# How to transfer 1: 1 drawings from paper to wood?

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#### Orsovolante

##### Active Member
Hello to all.
A seemingly trivial problem but ...
Today many drawings are released in 1: 1 scale.
Very useful to check the correctness of your construction but I still haven't found a good way to transport these designs on wood.
In particular, the shapes to be obtained directly from the plywood.
How do you do it?

#### BJC

##### Well-Known Member
HBA Supporter
For form blocks, I mark a straight line on the wood, apply a light coat of varnish, immediately lay the printed paper on the wood, and apply a coat of varnish over the paper. After the varnish is dry, I use a straight edge, scale and square on the straight lines and dimension marks (printed on the paper) to verify that everything is straight and square.

For applications where I want no varnish on the wood, I have use carpet tape, rather than varnish, to fix the centerline and the edges to be cut.

BJC
Edited to clarify that the lines and marks are printed on the paper.

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#### cvairwerks

##### Well-Known Member
Depends on the complexity of the drawing.... Simple part, just redraw directly on the material. Complex part, then using carbon paper and tracing, or a pounce wheel. Super fancy, convert the drawing to dxf and use an x-y machine to directly draw with a sharpie..

Be aware that depending on the accuracy specified, that there can be some significant growth or shrinkage of printed lines, as well as due to line widths. When I was a board drafter, I always included an accurately drawn X-Y scale on every drawing that had dimensions. Converting to bluelines, there was always some size variations. With the scales on the master, it copied to the print. Any print could be checked by the machinist and verified. Most of the drawings I did were 20x scale, due to the finished part size. Back then CATIA was just out and Autocad was coming, but we couldn't afford either at the University.

#### Orsovolante

##### Active Member
Depends on the complexity of the drawing.... Simple part, just redraw directly on the material. Complex part, then using carbon paper and tracing, or a pounce wheel. Super fancy, convert the drawing to dxf and use an x-y machine to directly draw with a sharpie..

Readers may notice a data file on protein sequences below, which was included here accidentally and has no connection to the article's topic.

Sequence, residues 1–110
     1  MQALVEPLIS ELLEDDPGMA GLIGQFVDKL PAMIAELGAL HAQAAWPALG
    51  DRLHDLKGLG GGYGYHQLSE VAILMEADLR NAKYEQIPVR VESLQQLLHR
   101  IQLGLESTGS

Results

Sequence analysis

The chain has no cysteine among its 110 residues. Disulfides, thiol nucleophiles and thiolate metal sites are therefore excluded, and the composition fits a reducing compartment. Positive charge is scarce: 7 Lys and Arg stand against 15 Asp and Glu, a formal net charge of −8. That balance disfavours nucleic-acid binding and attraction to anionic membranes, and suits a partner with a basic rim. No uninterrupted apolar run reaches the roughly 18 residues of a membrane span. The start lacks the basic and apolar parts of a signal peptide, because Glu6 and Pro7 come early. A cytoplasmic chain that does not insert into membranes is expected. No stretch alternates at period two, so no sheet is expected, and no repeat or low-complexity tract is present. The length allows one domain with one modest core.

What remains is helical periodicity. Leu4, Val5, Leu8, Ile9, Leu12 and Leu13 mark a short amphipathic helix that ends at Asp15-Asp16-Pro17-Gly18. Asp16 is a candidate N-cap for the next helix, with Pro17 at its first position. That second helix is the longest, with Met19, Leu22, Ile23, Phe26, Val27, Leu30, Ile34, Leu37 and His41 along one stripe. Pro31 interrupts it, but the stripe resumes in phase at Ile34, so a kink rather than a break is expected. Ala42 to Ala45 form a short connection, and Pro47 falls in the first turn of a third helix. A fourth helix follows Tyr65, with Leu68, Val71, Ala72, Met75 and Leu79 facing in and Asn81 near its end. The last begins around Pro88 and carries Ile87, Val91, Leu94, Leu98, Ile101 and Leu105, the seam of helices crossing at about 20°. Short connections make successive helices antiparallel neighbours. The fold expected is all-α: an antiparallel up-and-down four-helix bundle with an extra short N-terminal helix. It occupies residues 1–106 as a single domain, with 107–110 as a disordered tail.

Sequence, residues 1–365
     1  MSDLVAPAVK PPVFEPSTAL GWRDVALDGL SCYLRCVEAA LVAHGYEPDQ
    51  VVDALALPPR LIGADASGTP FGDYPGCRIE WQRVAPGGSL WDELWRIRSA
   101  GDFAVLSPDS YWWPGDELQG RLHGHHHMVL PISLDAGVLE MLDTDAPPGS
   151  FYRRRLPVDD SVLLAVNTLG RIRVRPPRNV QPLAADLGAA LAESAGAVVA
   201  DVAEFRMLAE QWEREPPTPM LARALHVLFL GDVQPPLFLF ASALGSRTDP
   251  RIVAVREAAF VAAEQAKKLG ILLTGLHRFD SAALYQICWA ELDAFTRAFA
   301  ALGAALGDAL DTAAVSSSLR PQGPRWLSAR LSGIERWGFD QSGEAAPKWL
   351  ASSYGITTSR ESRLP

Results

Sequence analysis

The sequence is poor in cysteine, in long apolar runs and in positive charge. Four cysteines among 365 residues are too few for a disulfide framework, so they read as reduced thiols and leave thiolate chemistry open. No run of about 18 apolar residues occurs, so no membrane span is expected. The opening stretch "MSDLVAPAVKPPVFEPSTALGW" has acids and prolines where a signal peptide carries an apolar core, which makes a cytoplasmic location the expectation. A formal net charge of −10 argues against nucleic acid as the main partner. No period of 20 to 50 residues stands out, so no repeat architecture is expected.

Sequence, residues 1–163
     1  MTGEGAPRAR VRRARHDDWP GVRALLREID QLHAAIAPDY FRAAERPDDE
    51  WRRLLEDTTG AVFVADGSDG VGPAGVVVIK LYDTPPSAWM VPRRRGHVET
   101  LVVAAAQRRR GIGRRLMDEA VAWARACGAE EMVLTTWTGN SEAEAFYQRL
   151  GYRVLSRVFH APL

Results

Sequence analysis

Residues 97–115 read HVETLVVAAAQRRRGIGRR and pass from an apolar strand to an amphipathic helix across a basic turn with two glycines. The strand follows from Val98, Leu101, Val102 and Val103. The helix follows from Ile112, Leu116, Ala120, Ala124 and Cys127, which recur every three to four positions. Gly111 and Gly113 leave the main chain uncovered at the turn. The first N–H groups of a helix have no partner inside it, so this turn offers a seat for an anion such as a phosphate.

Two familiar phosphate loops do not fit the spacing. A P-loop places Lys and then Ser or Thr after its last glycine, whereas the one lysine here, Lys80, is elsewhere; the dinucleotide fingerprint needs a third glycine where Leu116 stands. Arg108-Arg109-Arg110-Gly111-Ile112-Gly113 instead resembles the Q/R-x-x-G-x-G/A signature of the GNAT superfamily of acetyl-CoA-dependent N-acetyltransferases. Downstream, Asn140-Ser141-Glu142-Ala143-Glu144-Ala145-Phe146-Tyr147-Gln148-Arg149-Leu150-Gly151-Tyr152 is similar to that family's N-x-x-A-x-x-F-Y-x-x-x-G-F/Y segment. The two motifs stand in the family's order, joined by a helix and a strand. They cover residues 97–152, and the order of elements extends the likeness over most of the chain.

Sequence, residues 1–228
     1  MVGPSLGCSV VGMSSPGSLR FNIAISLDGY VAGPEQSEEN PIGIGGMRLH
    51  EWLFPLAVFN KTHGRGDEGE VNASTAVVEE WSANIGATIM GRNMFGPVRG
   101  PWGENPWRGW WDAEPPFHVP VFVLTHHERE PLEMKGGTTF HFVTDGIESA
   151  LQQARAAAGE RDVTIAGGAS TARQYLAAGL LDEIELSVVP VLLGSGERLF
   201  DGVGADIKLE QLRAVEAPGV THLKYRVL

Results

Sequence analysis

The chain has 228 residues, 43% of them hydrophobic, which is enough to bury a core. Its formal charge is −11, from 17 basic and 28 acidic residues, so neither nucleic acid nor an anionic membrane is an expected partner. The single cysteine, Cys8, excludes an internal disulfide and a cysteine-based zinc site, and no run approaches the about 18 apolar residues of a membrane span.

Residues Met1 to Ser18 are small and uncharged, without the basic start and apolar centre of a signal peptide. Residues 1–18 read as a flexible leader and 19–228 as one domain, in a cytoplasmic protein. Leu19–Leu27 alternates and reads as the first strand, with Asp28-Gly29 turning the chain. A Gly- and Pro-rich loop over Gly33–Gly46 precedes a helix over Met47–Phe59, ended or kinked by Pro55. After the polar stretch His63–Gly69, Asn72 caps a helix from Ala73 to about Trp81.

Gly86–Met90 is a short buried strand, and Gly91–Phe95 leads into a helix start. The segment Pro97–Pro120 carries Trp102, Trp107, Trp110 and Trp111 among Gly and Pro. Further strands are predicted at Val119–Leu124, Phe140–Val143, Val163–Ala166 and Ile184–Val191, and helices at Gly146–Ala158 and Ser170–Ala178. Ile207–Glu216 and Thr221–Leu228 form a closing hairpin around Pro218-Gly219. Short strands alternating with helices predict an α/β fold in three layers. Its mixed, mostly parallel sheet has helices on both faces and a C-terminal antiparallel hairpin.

Be aware that depending on the accuracy specified, that there can be some significant growth or shrinkage of printed lines, as well as due to line widths. When I was a board drafter, I always included an accurately drawn X-Y scale on every drawing that had dimensions. Converting to bluelines, there was always some size variations. With the scales on the master, it copied to the print. Any print could be checked by the machinist and verified. Most of the drawings I did were 20x scale, due to the finished part size. Back then CATIA was just out and Autocad was coming, but we couldn't afford either at the University.
Even if I was referring to drawings only on paper, your idea is interesting.
Somewhere here on the forum, I saw the posts of a person who directly obtained the parts drawn on the CAD, with a fairly simple 2-axis CNC machine.
Here in Italy, there are cnc wood cutting services on files formed by the customer also online, or laser tracing. (surely elsewhere I am also ahead).
The problem is that the materials on which the service is carried out are those of common use.
I found similar services for model aircraft, while on a large scale nearby there is a company that makes boat kits, with entirely laser-cut plywood.
I don't know if anyone has already designed a wooden plane, designed for a simplified assembly with such parts.

#### don january

##### Well-Known Member
Log Member
This is what I've done. Root ribs: use masking tape and lay out print on ply as tight as possible. If doing a curvature shape such as airfoil a French Curve. (Pic) This tool aids but all can be done by hand. Take a good size Tee pin and follow the line slowly hole by hole I try for a 1/8" spacing. If a straight line a ruler and a RC covering tool for removing air bubbles from Monokote looks much like a pizza cutter works well. This method will mare your plans but you have a pattern for the other amount of root ribs needed. I think its a good thing to see plans getting Worked. Don

#### Hot Wings

##### Grumpy Cynic
HBA Supporter
Log Member
or a pounce wheel. Super fancy, convert the drawing to dxf and use an x-y machine to directly draw with a sharpie..
Another vote for the pounce wheel. Standard issue tooling in the sewing world.

Don't worry about it, especially on wood. Both paper and wood change size/shape. There is nothing practical we can do about it. If you need accuracy better than you get with paper and wood then you are using the wrong material or expecting unreasonable results.

There is reason wood workers are called "craftsmen". Each piece is hand made - and individually fitted.

#### bmcj

##### Well-Known Member
HBA Supporter
Has anyone tried a stylus and a large sheet of carbon transfer paper?

#### BJC

##### Well-Known Member
HBA Supporter
Another vote for the pounce wheel. Standard issue tooling in the sewing world.
That works well to transfer to foam.

BJC

#### stanislavz

##### Well-Known Member
HBA Supporter
In pre china cheap pcb making - i had used an hot-iron laser toner transfer.

Print it on any glossy paper using laser printer in mirror, lay it on the pcb, image down of course and "iron it", Youtube is great. Even one with wood :

#### Hephaestus

##### Well-Known Member
In this age... A good 90° picture of the drawing and a micro projector - also make sure you're at 90° then adjust distance to a known measurement...

Personally, I scan and print a second set of drawings to cut up...